- A new collection of apps has been exposed to send sensitive user data to Facebook.
- This data transfer occurs regardless of whether the user has an active Facebook profile or not.
- At the end of February, an exposé from Wall Street Journal informed how several high-profile iOS apps shared sensitive data from their users with Facebook. Although these users did not have Facebook profiles, Facebook still got the information.
Now, some new research carried out by Privacy International (via The Verge ) shows that other Android and iOS apps are engaged in this exercise as well, two of which are household names: consumer reviews website Yelp and language learning programs Duolingo.
Privacy International also found that the popular job search application really engages in this exercise along with two Muslim prayer apps and a Bible app.
As with previous exposé, Privacy International shows that just withdrawing from Facebook does not necessarily mean that Facebook does not get data related to yo your habits.
This quotation from Privacy International article fully summarizes the situation with seriousness:
This is hugely problematic, not only for integrity but also for competition. The data that apps send to Facebook usually contains information like the fact that a particular app, like a Muslim prayer, was opened or closed. It sounds pretty basic, but it’s not. As the data is sent with a unique identifier, a user’s Google advertising ID, it would be easy to link that data to a profile and paint a fine-grained image of someone’s interests, identities, and daily routines.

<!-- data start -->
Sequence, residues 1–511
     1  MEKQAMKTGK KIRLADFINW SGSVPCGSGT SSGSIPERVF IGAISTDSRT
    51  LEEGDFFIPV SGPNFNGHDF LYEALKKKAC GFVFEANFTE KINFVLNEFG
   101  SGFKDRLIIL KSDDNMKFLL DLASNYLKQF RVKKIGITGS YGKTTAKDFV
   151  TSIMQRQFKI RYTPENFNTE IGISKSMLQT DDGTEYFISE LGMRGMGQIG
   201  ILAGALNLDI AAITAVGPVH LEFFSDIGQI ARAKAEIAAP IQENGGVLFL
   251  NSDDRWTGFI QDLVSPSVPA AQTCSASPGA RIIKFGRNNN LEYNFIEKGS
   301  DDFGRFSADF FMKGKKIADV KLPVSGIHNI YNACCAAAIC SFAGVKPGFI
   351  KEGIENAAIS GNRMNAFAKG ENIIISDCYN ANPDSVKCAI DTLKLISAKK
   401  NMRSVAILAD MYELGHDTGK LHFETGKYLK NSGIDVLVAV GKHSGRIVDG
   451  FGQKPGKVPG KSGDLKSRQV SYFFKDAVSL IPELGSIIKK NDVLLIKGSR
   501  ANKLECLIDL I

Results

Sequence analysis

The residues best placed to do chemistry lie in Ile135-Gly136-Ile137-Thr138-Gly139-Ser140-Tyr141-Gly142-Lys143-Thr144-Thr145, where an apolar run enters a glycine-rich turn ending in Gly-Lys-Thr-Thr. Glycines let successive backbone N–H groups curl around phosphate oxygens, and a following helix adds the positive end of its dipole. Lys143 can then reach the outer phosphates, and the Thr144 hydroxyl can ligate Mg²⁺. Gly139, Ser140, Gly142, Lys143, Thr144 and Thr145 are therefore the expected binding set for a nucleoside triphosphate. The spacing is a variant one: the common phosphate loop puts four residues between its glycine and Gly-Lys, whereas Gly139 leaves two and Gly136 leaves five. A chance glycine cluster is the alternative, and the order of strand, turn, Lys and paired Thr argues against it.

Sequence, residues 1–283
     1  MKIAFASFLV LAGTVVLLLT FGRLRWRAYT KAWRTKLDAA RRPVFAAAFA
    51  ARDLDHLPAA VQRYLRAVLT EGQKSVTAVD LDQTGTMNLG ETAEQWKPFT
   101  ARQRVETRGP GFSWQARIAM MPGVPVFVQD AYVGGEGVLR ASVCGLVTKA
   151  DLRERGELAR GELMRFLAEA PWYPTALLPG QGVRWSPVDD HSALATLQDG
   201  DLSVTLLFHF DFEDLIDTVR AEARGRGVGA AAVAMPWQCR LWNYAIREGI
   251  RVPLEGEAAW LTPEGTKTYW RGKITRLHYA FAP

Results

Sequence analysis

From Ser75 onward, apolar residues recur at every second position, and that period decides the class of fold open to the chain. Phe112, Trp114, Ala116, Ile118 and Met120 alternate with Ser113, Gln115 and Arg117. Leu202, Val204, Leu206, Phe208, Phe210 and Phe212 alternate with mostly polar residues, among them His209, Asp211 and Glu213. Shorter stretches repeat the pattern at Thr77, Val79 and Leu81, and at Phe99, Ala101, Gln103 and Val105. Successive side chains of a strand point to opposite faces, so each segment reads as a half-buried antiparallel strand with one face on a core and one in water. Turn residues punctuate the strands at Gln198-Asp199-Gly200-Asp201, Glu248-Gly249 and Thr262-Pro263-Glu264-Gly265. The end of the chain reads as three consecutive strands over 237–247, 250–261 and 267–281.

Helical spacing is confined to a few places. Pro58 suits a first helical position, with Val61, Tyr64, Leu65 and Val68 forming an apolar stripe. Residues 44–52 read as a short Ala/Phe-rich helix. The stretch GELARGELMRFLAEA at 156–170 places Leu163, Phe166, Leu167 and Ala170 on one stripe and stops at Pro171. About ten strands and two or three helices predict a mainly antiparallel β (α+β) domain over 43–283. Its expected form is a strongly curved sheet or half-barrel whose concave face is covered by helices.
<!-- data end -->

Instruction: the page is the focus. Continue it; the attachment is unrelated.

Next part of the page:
To Facebook’s credit, many of these examples of apps that share user data are not Facebook’s errors, at least not directly. In some cases, the app developers send data to Facebook because Facebook’s tools to investigate data may be better than other systems. The fact that Facebook can now access these tasks is just a side effect of this process.
Facebook claims that onus is on app developer – not Facebook – to ensure that sensitive data is properly collected and used legally even though this information is now available for Facebook’s use.
Regardless, it does not make the practice less worrying from the privacy point of view, as it should generally be individual to choose which companies have access to sensitive data about that person. It seems like it’s just not the case with many different apps.
NEXT: Long awaited Facebook “clear history” tool that comes sometime in 2019